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My main concern is getting a professional finish. I'm not so good with any tool that resembles a trowel, so I was hoping one of these fancy tools would help me out. Apparently the boxes and the bazookas give more of a speed boost than an improvement to quality.

Based on your recommendation, I bought a banjo today:

http://www.amazon.com/Marshalltown-7...3963479&sr=8-1

I'll take a look at the knives. Unless you know of a drywall leprechaun slave I can buy, I guess we've just about covered everything.

I would really prefer to have a pro come in, but who wants to drive out for three panels at a time?
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Old 05-15-2010, 06:21 PM   #10
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One more question: Have you ever used offset knives?

http://www.amazon.com/Advance-14-Off...3965856&sr=1-4

Last edited by benjamincall; 05-15-2010 at 06:25 PM.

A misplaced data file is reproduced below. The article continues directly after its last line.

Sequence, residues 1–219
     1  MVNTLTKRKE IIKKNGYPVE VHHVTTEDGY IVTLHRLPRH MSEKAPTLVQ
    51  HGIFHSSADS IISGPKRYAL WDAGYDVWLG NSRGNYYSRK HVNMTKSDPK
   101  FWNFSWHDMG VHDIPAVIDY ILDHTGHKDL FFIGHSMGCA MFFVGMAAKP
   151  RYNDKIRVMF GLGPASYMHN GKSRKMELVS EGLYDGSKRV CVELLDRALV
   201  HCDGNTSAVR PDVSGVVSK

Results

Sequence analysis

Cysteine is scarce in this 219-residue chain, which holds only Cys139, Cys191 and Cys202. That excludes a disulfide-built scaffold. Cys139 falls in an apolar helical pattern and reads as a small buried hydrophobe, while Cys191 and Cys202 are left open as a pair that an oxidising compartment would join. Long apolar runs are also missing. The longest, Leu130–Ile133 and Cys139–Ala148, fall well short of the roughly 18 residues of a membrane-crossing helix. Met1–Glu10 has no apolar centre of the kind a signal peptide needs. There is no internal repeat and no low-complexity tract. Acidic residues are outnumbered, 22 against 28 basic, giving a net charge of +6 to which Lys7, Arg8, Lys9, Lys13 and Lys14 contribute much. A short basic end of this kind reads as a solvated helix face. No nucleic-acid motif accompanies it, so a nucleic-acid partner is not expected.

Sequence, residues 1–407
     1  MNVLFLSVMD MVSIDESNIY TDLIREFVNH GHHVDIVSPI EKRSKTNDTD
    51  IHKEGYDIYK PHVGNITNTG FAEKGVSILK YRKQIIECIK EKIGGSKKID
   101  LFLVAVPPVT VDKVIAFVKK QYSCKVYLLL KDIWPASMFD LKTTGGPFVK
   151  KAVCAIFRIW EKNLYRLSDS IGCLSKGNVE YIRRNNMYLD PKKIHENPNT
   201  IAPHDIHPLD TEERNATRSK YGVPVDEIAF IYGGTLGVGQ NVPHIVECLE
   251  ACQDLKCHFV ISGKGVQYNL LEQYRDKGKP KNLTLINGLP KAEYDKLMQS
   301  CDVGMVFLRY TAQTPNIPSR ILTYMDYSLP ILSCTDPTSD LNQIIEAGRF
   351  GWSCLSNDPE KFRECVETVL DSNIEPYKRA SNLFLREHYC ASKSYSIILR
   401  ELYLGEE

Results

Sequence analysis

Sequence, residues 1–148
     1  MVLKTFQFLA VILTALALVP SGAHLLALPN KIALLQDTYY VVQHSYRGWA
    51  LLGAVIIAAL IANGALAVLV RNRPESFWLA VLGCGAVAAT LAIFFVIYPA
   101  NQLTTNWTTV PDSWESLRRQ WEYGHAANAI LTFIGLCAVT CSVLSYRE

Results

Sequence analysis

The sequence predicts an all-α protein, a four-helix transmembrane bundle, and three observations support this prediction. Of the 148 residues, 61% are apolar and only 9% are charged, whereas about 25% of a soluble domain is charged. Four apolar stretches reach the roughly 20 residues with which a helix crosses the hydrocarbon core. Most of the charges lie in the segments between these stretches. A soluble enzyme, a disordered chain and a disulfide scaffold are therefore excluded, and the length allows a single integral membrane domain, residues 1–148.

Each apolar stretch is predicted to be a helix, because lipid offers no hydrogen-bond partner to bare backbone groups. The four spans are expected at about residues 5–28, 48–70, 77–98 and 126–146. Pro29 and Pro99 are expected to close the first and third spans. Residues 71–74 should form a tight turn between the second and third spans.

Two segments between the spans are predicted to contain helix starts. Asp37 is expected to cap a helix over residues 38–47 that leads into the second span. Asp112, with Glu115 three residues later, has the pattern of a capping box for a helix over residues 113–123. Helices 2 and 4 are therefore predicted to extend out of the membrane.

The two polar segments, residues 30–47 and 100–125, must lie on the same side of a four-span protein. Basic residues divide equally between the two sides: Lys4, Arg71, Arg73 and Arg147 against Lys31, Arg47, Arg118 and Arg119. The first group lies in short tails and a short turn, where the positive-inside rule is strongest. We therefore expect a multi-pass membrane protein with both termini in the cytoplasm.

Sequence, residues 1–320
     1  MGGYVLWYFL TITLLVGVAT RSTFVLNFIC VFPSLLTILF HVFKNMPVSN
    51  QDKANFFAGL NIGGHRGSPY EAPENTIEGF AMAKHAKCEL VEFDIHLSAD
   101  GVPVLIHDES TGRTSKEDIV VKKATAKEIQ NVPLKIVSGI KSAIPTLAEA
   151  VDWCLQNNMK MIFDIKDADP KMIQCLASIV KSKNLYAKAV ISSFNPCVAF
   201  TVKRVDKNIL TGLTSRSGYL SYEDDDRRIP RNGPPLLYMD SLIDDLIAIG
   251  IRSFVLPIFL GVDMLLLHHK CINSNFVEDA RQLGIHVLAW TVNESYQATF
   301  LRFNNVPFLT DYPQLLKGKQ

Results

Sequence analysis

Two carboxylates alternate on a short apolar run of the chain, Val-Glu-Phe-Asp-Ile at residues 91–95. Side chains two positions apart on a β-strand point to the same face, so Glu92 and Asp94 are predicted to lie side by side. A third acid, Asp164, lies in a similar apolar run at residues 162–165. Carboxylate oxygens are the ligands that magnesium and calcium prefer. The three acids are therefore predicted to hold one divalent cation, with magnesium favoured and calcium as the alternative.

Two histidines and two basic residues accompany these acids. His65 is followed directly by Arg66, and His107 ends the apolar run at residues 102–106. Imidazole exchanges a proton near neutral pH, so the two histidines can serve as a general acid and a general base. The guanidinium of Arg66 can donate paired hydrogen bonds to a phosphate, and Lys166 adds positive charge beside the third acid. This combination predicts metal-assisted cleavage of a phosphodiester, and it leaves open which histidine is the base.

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Old 05-15-2010, 07:12 PM   #11
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Benjamin--I have a banjo like that--it works well and does save time.
Use the green bucket mud---thin it with water--soft and sloppy--the consistency of a melted milk shake.

Get your self a mud whip and a 1/2 inch drill to run it. Whipped mud is much more consistent.

Do not over press the paper and squeeze out all the mud.

Beginners always try to put on to much mud. 6" in the corners is about right.

After the tape is set(and dried for at least 4 hours) add the next coat on the seams with a 10"--
--This could be green bucket or blue---Often experienced tapers will use Durrabond(Bag mix)


As the new guy I suggest that you use Durrabond only for filling gaps and the first coat on the corner bead.

Durrabond is nasty to sand--very hard--You will be happiest with the blue bucket--much easier to sand.

About your new knives---Marshaltown are O.K.--a little to stiff for my hand--I use Sheetrock brand.

Blue steel not stainless--a bit more flexible. I use my random orbit sander to clean off the rust.

Your longer blades will have a front and back--sight down the blade--the front should be a little concave. If the blade is straight --bend it a tiny bit to give it a slight concave working side.